Agudo Dance Company’s Carmen takes a fresh look at a familiar narrative, using a movement vocabulary that draws on Flamenco, Kathak and contemporary dance.  At the start, seven beams of light from above gradually illuminate each of the dancers, as they crouch in darkness on the floor, slowly creeping towards the audience, their hands clasped behind their backs.  The four men and three women dance barefoot, so the sound of Flamenco rhythms comes not so much from their beating feet as from composer Bernhard Schimpelsberger’s percussive score.

Jose Agudo has created an expressive and exciting dance style that successfully integrates Kathak-like footwork with the strong oppositions, arched backs and intense focus of Flamenco, and the freedom and generous breadth of contemporary dance technique.  The dancers move with strongly supported upper backs and arms as they perform swift glissade-type steps, pirouettes en dehors in attitude, dramatic spinning turns that freeze abruptly, and quick backward flicks of the foot.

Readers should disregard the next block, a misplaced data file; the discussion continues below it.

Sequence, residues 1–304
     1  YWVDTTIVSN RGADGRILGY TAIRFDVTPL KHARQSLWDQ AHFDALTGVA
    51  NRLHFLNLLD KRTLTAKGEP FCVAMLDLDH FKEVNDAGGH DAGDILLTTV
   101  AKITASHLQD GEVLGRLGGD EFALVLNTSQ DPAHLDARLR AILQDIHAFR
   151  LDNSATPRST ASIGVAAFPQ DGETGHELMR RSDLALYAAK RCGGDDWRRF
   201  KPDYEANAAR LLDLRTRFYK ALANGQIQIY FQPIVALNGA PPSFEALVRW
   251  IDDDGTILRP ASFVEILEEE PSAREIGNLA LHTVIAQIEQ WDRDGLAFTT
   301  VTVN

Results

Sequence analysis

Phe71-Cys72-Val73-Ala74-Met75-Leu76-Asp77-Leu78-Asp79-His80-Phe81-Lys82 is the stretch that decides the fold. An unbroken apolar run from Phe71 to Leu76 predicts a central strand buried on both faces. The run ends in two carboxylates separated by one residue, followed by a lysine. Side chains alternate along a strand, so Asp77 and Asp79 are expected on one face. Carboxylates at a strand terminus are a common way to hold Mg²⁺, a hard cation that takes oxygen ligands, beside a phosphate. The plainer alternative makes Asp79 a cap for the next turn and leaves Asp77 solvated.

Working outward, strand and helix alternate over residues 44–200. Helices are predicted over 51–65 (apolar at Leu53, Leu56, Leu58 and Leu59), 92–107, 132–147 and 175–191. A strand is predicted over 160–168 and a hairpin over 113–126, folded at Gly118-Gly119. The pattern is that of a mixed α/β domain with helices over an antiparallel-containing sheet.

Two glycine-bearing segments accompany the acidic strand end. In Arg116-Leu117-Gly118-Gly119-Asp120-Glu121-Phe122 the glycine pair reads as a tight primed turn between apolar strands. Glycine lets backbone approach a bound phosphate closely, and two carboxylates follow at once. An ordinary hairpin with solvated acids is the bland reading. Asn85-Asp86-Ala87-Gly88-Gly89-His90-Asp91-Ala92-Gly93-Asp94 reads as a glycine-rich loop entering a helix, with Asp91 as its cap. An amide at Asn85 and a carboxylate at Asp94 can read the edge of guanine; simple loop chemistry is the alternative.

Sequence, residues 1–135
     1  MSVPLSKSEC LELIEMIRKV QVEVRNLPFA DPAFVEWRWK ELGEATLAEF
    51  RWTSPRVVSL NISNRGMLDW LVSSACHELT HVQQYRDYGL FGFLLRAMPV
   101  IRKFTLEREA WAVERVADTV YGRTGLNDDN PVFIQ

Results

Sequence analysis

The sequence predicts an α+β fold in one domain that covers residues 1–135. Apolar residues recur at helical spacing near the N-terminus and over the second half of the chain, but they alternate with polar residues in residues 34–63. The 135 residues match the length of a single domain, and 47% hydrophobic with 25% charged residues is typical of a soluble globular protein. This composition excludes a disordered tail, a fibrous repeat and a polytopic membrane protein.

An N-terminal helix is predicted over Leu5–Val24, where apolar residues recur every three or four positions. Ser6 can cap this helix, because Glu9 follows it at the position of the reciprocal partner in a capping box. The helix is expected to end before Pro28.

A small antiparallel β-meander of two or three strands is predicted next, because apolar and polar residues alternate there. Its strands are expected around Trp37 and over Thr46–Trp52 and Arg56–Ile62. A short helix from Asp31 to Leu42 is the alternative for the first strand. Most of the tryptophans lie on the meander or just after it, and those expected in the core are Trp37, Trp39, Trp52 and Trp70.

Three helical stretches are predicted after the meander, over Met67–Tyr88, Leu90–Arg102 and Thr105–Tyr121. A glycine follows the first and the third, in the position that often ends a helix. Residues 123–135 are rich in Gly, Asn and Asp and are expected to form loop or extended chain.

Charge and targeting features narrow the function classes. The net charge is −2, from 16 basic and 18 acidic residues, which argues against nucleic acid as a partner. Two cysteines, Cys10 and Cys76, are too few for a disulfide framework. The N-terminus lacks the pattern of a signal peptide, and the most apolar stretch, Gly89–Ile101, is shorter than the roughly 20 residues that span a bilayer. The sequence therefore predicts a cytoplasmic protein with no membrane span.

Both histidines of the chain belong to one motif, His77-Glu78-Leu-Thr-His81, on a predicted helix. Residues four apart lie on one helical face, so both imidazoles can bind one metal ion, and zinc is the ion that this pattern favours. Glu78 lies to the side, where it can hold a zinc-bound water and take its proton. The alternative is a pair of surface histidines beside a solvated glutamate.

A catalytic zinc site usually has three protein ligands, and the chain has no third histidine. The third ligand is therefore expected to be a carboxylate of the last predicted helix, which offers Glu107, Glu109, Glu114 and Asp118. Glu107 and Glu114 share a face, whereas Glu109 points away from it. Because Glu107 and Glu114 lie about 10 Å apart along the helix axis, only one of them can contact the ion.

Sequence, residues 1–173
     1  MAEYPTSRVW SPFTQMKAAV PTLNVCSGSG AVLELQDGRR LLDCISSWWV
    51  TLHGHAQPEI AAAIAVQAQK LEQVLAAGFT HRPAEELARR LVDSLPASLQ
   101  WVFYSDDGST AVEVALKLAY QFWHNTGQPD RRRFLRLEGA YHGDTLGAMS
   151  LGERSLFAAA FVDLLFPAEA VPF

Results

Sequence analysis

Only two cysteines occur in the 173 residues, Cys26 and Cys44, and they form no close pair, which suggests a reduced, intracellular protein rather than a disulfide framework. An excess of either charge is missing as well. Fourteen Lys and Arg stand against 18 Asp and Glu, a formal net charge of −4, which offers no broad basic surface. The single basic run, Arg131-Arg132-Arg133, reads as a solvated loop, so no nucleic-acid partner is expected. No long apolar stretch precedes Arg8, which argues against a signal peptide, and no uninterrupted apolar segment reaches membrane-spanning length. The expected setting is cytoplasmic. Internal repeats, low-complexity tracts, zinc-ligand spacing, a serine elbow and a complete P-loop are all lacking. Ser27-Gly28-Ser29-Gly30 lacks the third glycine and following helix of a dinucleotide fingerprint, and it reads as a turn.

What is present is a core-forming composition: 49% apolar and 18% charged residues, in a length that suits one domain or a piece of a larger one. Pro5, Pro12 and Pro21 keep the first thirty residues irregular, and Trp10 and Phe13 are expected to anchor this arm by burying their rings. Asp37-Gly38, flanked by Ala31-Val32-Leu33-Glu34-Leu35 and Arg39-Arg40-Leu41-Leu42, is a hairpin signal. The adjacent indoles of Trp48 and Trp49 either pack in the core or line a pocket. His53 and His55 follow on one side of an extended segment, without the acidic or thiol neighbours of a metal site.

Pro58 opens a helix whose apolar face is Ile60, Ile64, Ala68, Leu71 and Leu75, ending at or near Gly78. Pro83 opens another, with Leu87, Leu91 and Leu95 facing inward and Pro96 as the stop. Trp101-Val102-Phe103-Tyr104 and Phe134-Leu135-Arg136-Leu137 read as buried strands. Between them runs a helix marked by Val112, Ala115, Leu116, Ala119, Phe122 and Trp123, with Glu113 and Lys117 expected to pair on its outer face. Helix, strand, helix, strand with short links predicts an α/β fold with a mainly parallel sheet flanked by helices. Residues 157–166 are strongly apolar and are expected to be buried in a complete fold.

Although there is a story, taken direct from Prosper Mérimée’s novella rather than from Bizet’s opera, this is not a detailed retelling of the tale.  Carmen’s relationships with the other dancers form the heart of the work, whether she is competing angrily with another woman or ensnaring the man who will eventually kill her.  We know that he is an outsider from the subtle flashes of red in the lining of his jerkin, which match her scarlet dress as they perform a duet that consists almost entirely of complex and erotically charge lifts, in which she seems hardly to touch the ground.  The women’s swirling skirts, the rugged machismo of the men, and the music interwoven with a thread of Cuban Bolero create an exotic, dangerous and reckless atmosphere.  Carmen’s death seems inevitable, and when at the end her lover holds her lifeless body in his arms, she seems to be a sacrificial victim, mourned by her companions in a frenzied dance.

This was collective work, and as the cast list did not attribute roles to individuals, I name all the dancers:  Nikita Goile, Joshua Scott, Luke Watson, Yukiko Masui, Faye Stoeser, Juan Sánchez Plaza and Nicola Micallef.

Maggie Watson

3rd November 2021

Find out more about Jose Agudo and his company here